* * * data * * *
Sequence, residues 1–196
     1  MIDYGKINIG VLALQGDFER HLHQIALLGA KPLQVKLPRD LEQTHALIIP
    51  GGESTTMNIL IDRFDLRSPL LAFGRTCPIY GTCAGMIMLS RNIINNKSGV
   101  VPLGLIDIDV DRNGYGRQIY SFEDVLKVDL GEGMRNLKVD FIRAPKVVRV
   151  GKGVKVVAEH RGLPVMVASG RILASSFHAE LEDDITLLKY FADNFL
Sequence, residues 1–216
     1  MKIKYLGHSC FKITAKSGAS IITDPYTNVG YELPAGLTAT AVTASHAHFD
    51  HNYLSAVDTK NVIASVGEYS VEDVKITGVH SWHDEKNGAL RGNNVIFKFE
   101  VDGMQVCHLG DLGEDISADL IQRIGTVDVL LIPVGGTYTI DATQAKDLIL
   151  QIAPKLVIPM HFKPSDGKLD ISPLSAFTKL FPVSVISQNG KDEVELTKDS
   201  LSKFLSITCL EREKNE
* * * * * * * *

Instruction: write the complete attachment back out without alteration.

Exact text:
Sequence, residues 1–196
     1  MIDYGKINIG VLALQGDFER HLHQIALLGA KPLQVKLPRD LEQTHALIIP
    51  GGESTTMNIL IDRFDLRSPL LAFGRTCPIY GTCAGMIMLS RNIINNKSGV
   101  VPLGLIDIDV DRNGYGRQIY SFEDVLKVDL GEGMRNLKVD FIRAPKVVRV
   151  GKGVKVVAEH RGLPVMVASG RILASSFHAE LEDDITLLKY FADNFL
Sequence, residues 1–216
     1  MKIKYLGHSC FKITAKSGAS IITDPYTNVG YELPAGLTAT AVTASHAHFD
    51  HNYLSAVDTK NVIASVGEYS VEDVKITGVH SWHDEKNGAL RGNNVIFKFE
   101  VDGMQVCHLG DLGEDISADL IQRIGTVDVL LIPVGGTYTI DATQAKDLIL
   151  QIAPKLVIPM HFKPSDGKLD ISPLSAFTKL FPVSVISQNG KDEVELTKDS
   201  LSKFLSITCL EREKNE